Only weeks after giving up on his lackluster presidential campaign in the face of national indifference, Gov. Scott Walker of Wisconsin is back to making mischief in his home state. Last Friday, Mr. Walker signed a bill to protect public officials like himself from an effective and well-established tool for rooting out political corruption. The tool, known as the John Doe law, lets prosecutors conduct secret investigations into possible crimes by executing search warrants and compelling people to testify. It is essentially a grand jury proceeding, with a judge rather than jurors deciding whether there is enough evidence for an indictment. Mr. Walker has been a target of two John Doe investigations in recent years.
The first, which looked into misconduct by his aides or associates while he served as Milwaukee county executive, led to six convictions. The second involved allegations of illegally coordinated fund-raising between Mr. Walker’s campaign for governor and conservative political groups. In July, a deeply split Wisconsin Supreme Court — several of whose justices were backed by the same groups in their election campaigns — shut down the investigation, adopting an unprecedented reading of the state’s campaign-finance laws to find no problem with the activities in question. Mr. Walker was not charged in either case.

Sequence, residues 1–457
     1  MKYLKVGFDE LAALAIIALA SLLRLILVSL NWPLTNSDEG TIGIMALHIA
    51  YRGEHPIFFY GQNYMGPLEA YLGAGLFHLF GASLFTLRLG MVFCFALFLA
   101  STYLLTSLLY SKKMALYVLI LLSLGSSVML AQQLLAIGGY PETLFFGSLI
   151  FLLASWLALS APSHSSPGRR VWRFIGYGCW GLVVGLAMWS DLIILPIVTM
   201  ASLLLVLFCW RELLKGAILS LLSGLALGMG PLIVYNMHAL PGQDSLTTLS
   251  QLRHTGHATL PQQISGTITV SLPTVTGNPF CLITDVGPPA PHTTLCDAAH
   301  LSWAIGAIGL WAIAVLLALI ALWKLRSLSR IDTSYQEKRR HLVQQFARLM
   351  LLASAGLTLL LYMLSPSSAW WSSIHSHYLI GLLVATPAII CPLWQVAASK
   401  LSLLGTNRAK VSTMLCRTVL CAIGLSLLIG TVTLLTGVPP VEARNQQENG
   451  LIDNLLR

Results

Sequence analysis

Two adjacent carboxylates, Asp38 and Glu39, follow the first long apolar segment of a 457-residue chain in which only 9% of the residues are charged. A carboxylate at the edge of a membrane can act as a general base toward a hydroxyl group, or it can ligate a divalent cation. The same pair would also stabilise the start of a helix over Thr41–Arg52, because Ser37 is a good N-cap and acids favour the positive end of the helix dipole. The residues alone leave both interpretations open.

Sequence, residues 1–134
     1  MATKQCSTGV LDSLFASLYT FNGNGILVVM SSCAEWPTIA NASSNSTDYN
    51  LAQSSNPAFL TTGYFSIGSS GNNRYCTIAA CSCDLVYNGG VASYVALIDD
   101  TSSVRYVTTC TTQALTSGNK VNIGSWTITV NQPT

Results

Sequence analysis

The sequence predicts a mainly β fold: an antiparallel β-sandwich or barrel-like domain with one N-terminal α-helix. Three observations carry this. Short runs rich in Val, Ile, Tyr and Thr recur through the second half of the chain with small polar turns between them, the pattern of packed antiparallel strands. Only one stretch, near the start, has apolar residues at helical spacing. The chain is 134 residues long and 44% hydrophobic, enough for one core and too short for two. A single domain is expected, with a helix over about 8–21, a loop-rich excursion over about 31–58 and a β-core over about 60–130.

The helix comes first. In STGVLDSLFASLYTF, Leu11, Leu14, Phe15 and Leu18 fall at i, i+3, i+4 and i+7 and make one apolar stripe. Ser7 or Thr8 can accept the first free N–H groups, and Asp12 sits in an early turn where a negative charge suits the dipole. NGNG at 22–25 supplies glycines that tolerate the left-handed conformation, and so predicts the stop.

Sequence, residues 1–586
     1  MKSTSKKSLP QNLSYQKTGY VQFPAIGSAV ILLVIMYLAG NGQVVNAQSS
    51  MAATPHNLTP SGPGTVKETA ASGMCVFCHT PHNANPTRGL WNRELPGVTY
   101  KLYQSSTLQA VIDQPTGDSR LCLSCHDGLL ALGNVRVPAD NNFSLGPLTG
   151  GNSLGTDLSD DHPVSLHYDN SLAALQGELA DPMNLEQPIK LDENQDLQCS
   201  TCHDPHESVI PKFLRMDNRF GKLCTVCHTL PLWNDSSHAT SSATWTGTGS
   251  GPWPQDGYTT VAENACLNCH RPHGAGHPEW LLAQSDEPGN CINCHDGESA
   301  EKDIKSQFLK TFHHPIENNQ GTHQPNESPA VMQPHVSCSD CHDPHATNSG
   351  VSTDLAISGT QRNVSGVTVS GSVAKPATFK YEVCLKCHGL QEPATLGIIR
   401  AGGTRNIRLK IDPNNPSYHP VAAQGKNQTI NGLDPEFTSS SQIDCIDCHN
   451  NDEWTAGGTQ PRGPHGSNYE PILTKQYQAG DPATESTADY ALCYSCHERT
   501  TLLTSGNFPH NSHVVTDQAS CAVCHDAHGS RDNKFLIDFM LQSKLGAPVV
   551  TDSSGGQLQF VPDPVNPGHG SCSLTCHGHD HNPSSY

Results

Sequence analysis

Under the new law, which passed on party-line votes in the Republican-controlled Legislature, neither of these investigations would be permitted. Bribery, official misconduct, campaign-finance violations and many other election law offenses — all are now exempt from a law that has served Wisconsin well, and without controversy, since the mid-19th century.
… The law will continue to apply in cases involving violent or drug-related crimes. Where it will not apply is corruption cases against politicians, for whom the new law carves out an unexplained and unjustified exception.
Full Article: The Revenge of Scott Walker – The New York Times.